Cancer is the most important and leading cause of mortality worldwide. Although various conventional treatments to modern therapeutics are emerging, the mortality rates are still rising. Our immune system is well developed in such a way it protects us from various infectious and degenerative diseases. It also helps in prevention of other viral diseases and cancer. Activation of the immune system thus acts as a great tool to combat cancer. Recently, cancer immunotherapy has become an exciting, interesting, and beneficial approach in treating cancer.1 It has shown a significant improvement in the last few years and “Cancer immunotherapy” was named as the “Breakthrough of the Year” by Science in 2013.2 Diverse mechanisms of activation of our own immune system using cancer immunotherapies are being tested in a rapid manner. They have some of the most common and effective approaches of immunotherapy, such as immune checkpoint inhibitors, chimeric antigen receptor T-cell transfer therapy, and non-specific method of immune stimulation.3 Although immunotherapies are underway to treat many types of cancer, they are not as effective as conventional therapies such as chemotherapy, radiation therapy, and surgery. Not all patients or all types of cancers respond to immunotherapy. This is because of the cancer cells becoming resistant to immune cells, thereby evading immunity. The cancer cells can downregulate the major histocompatibility complexes, suppress the co-stimulatory signals, secretion of immunosuppressive agents and pro-inflammatory agents by cancer cells and many more, making an ambience conducive for cancer progression.4,5 Researchers are working to identify and understand the mechanism of cancer immunotherapy as a novel target to combat cancer with limited side-effects to the possible extent. One such advancement of effective cancer immunotherapy is the depletion of Regulatory T (Treg) cells. A large number of studies have reported that this is due to the infiltration of Treg cells into the tumor sites suppressing the activity of T cells to act against cancer cells, thereby leading to poor prognosis and cure.6 Thus, understanding the mechanisms of Treg cells in promoting cancer progression and the ways of depleting Treg cells to prevent tumor progression has become an ideal targeted therapeutic mechanism in the field of cancer therapeutics, favoring anti-tumor immune response on one side, and preventing adverse effects of autoimmunity on the other side. This forms the basis of this review that outlines the role of Treg cells in causing cancer and how its depletion plays a vital role in cancer immunotherapy by preventing cancer progression and metastasis.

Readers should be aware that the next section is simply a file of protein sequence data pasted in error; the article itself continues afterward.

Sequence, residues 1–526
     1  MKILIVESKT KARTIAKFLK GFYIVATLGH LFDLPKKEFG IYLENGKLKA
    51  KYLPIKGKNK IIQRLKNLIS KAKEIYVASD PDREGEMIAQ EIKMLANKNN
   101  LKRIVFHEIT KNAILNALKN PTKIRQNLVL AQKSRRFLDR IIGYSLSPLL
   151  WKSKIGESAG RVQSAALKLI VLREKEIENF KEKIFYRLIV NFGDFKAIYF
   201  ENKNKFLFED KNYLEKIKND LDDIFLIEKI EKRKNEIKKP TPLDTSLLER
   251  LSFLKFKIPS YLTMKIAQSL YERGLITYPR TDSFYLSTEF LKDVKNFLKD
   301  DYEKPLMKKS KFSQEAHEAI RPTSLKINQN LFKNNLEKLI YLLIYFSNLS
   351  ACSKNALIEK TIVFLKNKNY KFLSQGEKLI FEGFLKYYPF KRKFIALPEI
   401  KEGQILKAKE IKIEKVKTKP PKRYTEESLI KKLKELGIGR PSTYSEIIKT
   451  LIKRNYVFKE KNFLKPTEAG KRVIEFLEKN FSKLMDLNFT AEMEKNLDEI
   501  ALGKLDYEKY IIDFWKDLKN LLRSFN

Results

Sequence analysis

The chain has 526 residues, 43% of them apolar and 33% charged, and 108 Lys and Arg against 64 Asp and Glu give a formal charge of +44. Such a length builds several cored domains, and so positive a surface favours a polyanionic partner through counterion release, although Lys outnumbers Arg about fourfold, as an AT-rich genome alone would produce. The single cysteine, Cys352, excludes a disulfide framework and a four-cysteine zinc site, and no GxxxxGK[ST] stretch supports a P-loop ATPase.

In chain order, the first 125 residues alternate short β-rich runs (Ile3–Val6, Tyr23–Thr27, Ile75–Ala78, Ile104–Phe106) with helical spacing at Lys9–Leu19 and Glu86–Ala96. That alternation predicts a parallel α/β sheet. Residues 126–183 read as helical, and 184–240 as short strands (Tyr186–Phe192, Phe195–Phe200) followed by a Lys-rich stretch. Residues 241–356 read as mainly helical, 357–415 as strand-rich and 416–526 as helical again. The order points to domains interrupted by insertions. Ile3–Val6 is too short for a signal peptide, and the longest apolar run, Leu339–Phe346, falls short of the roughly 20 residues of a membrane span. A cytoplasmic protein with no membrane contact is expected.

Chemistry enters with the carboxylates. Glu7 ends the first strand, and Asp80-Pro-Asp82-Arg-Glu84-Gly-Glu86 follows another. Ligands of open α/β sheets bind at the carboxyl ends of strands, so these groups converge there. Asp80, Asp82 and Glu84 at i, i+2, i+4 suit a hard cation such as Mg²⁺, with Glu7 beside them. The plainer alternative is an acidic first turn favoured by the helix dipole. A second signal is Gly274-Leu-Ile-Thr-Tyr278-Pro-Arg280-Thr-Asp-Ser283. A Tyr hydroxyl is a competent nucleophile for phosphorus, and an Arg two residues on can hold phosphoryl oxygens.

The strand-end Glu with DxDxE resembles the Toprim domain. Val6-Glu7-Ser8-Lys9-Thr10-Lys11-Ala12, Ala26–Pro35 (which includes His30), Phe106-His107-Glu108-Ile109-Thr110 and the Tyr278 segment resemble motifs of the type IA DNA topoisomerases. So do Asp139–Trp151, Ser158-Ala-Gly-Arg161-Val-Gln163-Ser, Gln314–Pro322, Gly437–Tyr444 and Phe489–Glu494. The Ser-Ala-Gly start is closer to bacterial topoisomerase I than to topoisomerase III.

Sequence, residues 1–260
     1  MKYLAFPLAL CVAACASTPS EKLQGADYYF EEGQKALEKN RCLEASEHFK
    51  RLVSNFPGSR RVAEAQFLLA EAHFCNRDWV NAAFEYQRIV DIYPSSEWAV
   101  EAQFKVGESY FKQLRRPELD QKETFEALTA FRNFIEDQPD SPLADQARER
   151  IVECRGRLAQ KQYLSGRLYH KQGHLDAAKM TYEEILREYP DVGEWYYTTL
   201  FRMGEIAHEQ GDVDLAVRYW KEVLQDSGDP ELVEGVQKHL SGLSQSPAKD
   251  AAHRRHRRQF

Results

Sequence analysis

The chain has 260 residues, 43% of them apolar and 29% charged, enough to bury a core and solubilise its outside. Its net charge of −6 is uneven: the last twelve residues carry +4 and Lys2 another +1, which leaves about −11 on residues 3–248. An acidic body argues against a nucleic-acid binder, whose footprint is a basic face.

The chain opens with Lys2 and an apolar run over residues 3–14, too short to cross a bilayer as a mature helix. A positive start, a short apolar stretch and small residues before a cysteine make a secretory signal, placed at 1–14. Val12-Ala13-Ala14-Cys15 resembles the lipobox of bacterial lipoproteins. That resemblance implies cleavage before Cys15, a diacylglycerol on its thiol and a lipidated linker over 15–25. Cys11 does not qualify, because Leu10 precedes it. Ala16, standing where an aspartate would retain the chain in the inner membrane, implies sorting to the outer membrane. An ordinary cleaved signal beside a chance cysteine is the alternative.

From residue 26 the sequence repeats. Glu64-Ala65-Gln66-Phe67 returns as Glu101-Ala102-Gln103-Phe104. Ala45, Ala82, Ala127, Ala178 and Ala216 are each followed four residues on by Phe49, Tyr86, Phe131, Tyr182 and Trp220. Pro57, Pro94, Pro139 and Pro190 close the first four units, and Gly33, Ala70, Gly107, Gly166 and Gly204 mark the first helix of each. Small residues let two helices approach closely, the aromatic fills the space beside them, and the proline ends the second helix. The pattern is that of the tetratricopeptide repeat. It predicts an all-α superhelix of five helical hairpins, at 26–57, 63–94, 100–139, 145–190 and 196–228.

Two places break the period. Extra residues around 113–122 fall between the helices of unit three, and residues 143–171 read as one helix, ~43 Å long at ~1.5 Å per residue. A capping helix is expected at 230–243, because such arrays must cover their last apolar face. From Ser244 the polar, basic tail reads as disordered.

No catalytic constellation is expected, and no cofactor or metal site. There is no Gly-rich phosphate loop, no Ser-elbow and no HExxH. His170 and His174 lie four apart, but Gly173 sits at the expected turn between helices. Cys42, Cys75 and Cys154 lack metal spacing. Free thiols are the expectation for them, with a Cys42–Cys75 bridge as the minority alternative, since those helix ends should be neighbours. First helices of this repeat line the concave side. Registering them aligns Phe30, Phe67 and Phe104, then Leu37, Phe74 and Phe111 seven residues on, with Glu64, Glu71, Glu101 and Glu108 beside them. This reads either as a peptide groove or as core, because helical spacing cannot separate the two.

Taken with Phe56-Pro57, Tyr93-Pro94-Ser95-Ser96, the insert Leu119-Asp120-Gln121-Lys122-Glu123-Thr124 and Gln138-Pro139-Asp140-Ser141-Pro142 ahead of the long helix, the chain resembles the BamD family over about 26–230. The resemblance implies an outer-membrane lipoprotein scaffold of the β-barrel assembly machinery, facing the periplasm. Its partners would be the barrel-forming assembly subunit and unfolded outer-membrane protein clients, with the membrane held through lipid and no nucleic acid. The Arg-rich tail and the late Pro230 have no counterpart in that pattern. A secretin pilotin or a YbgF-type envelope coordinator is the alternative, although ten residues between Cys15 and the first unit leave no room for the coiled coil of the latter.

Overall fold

Immunosuppressive Property of Treg Cells and Cancer

Treg cells play a vital role in the maintenance of self-tolerance, immune homeostasis, preventing autoimmunity and inflammatory diseases.7 The suppressive concept of Treg cells depends on several complex mechanisms and varies according to its role in normal and disease conditions. Earlier evidence shows that Treg cells are a part of CD4+CD25+ T-Cell population.8 Since CD25 is a marker of effector T cells, researchers were skeptical about the immuno-suppressive property of T cells. Later a distinct difference between CD25+ effector T cells and Treg cells were demonstrated.9 Although the complex mechanism is yet to be fully understood, research in the early 2000s revealed that Treg cells work through primarily Forkhead Box transcription factor, FoxP3.1012 It has been demonstrated that deletion of FoxP3 in the T cells of newborn mice led to improper development of Treg cells and increases autoimmunity and vice versa.13,14